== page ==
SEC blows whistle on bond raters

Regulator says Standard & Poor's, Moody's, Fitch had 'serious shortcomings' in identifying risks in mortgage-backed securities.

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By David Goldman, staff writer

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NEW YORK ( -- Government officials said Tuesday that the country's three largest credit raters failed in their reviews of subprime mortgage-backed securities.

In a press conference in Washington, D.C., on Tuesday, U.S. Securities and Exchange Commission Chairman Christopher Cox said that the agency's 10-month examination found failures by the three largest firms - Standard & Poor's, Moody's Investors Service (MCO) and Fitch Ratings (FIM).

"After an extensive examination of the adequacy of the credit ratings agencies ... we uncovered serious shortcomings in these firms," said Cox.

The $5 billion-a-year ratings industry plays an important role, issuing ratings on the creditworthiness of companies and securities so investors can determine the risks of a particular investment. But the three largest firms have been criticized for failing to identify risks in securities backed by subprime mortgages.

Cox cited a lack of disclosure, improper and inadequate documentation of policies, and insufficient attention to conflicts of interest as reasons behind their failure to identify those risks. He said the agencies were unable to keep up with the explosion in complex securities, especially subprime mortgage-backed securities.

"Sometimes the firms deviated from models and procedures, and sometimes they cut corners when not properly staffed," said Cox.

Since August, the SEC has been investigating inadequacies in the credit rating agencies. They looked at hundreds of thousands of internal records and e-mails that dated as far back as January 2004.

Still, the findings in the report were hardly surprising.

"This wasn't groundbreaking," said H. Sean Mathis, managing director of the boutique investment bank Miller Mathis. "It was more a critique of process rather than a framework to go forward."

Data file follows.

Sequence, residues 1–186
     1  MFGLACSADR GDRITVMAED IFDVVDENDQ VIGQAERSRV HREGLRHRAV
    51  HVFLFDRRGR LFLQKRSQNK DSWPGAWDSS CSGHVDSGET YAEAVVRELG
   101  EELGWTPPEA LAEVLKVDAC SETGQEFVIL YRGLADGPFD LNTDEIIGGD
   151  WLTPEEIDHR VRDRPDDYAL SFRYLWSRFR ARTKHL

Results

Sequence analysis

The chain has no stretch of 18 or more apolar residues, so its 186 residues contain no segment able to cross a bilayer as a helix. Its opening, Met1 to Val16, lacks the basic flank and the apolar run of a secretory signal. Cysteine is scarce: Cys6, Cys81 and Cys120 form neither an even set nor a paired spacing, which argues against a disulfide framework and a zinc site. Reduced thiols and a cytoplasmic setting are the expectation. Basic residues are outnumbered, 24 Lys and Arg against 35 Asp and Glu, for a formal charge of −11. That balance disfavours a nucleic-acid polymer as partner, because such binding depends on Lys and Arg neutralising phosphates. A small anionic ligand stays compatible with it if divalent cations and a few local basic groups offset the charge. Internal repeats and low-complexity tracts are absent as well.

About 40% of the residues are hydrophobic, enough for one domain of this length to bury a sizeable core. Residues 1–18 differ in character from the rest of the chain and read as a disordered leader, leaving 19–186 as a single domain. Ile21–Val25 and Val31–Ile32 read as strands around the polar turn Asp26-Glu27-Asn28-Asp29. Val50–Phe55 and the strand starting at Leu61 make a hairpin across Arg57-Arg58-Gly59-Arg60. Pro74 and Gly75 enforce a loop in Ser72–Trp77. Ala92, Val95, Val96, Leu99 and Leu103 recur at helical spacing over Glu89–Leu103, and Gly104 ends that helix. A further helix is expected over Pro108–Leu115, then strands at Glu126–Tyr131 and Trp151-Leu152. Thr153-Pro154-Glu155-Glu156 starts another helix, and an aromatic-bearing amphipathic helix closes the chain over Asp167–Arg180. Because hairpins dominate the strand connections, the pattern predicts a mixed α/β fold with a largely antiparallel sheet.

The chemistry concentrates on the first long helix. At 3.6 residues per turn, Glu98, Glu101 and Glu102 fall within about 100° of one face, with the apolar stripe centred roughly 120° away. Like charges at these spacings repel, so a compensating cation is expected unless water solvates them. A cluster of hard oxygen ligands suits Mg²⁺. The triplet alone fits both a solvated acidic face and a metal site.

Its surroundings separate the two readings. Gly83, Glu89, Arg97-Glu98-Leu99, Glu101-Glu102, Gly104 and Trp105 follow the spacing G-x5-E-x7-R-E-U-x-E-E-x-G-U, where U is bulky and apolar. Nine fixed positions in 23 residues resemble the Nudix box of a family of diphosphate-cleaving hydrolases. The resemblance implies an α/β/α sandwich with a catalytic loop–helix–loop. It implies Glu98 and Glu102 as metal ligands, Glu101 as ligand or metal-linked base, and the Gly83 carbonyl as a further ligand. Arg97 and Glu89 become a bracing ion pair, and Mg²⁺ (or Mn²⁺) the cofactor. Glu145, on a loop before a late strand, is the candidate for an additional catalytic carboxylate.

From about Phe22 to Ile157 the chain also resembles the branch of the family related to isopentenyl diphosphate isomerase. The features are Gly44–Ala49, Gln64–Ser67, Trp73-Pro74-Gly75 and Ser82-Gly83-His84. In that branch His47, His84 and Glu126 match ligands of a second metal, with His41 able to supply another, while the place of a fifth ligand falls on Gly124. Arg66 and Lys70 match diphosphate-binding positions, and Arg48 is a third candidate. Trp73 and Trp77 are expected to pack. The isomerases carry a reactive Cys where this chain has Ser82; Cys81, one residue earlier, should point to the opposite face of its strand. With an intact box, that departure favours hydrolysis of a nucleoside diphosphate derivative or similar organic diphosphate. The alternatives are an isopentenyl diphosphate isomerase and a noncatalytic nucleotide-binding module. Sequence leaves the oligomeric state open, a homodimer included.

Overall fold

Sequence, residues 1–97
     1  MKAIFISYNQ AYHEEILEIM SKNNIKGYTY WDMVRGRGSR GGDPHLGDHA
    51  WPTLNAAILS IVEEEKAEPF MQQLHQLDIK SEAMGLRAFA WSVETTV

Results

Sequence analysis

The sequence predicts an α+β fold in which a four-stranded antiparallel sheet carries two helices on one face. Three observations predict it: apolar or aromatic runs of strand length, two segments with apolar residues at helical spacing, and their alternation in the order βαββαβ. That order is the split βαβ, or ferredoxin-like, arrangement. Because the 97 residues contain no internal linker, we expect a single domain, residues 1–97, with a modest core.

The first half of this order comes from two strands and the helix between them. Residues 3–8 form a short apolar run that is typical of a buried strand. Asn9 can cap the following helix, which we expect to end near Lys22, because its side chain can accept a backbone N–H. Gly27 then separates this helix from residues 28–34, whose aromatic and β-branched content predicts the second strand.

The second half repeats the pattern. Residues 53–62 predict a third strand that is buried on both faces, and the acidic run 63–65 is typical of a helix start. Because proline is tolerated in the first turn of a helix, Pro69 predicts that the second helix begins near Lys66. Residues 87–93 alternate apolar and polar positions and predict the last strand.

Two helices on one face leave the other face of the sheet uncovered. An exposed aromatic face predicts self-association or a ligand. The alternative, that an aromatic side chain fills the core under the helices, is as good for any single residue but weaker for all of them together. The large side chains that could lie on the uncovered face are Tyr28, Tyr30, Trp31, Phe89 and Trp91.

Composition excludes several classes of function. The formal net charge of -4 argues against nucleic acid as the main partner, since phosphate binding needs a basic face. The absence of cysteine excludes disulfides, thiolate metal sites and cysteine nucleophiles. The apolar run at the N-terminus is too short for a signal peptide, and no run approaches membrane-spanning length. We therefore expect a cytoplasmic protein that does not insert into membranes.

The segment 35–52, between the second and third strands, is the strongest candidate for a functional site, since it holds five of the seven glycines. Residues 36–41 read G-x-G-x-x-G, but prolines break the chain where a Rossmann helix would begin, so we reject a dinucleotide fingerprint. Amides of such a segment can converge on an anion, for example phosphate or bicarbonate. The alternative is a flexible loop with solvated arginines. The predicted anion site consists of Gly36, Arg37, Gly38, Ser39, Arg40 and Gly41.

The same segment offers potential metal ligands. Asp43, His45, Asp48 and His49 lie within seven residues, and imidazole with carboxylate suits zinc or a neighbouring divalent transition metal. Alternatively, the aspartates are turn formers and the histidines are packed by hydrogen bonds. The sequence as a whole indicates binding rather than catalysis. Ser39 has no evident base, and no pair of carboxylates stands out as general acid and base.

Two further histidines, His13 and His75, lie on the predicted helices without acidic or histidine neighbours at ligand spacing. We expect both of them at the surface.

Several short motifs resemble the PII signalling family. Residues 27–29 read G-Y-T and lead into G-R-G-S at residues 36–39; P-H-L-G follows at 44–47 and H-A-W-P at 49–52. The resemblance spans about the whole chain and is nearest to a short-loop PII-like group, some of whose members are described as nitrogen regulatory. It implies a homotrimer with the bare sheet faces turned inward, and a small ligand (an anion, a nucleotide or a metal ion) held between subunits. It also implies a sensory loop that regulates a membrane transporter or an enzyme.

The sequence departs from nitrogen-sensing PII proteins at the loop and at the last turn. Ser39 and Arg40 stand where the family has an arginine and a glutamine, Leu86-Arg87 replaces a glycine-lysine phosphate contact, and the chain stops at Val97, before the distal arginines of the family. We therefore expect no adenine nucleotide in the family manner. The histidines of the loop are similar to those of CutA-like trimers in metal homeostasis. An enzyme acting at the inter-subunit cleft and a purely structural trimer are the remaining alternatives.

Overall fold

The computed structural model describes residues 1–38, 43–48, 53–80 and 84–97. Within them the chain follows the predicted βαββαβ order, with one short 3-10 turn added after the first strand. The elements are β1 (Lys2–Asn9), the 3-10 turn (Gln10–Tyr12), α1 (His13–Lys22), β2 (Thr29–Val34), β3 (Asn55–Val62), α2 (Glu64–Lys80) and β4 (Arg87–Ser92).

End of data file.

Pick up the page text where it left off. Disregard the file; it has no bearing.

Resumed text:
New regulation

The three major credit raters downgraded thousands of mortgage-backed securities in 2008. The agencies were publicly criticized by Congress and others as those securities plummeted in value after mortgage delinquencies rose astronomically over the past year.

The SEC voted 3-0 last month to tentatively approve rules that would "promote ratings with integrity and curb the questionable practices that contributed to the credit market turmoil," according to Cox. The new regulations are designed to stem conflicts of interest, expand disclosure in the rating industry and encourage new firms to enter.

Earlier in June, Moody's, S&P, and Fitch also reached a cooperation agreement with New York state Attorney General Andrew Cuomo in an attempt to overhaul the firms' incentives for providing their services.

"The good news is many of these problems have been fixed in real time," said Cox. "Each firm has agreed to meet our measures."

Prior to the recent regulations, multiple credit raters would review a residential mortgage-backed security, but only one company would get paid for its services - most often the one that offered the best rating. As a result, ratings agencies benefited from relaxing their ratings standards in order to get the business.

With the old model, many investors purchased a security they believed to be safe because they had pristine AAA ratings, but in fact many of the assets were of poor quality.

The new agreement would force servicers to pay for every review of their securities - regardless if they end up using the rating - in an attempt to limit the conflicts of interest in the $5 billion-a-year credit-rating industry. That means that a credit rater could offer a harsh rating of a security and would still get paid.

But some say the new regulations do not go far enough. Many critics of the industry say that credit raters should not receive payments at all for the securities they review, and that the incentives led to the the raters' inability to predict the risks of subprime mortgages.

"I don't think the SEC has gotten there yet on this issue," said Mathis. "The regulations will have a slight positive effect, but the key is not to [micromanage] the rating process but to set a good framework."

Openness and transparency

S&P, Moody's and Fitch each said they would continue working with regulators.

"We remain dedicated to helping restore confidence in our capital markets, and we look forward to working with the commission as we take these additional steps," said an S&P spokesman.

For its part, Moody's said through a spokesman that it "has initiated a wide range of reforms that refine our analytical methodologies ... to enhance ratings performance quality and expand the usefulness of our ratings, research and analytical tools for all market participants."

A Fitch spokesman said that "Fitch continues to view a number of the SEC's recently proposed rules regarding the practices of credit rating agencies as a positive step forward ... and is currently in the process of updating its policies, procedures and code consistent with the recent SEC proposals." To top of page

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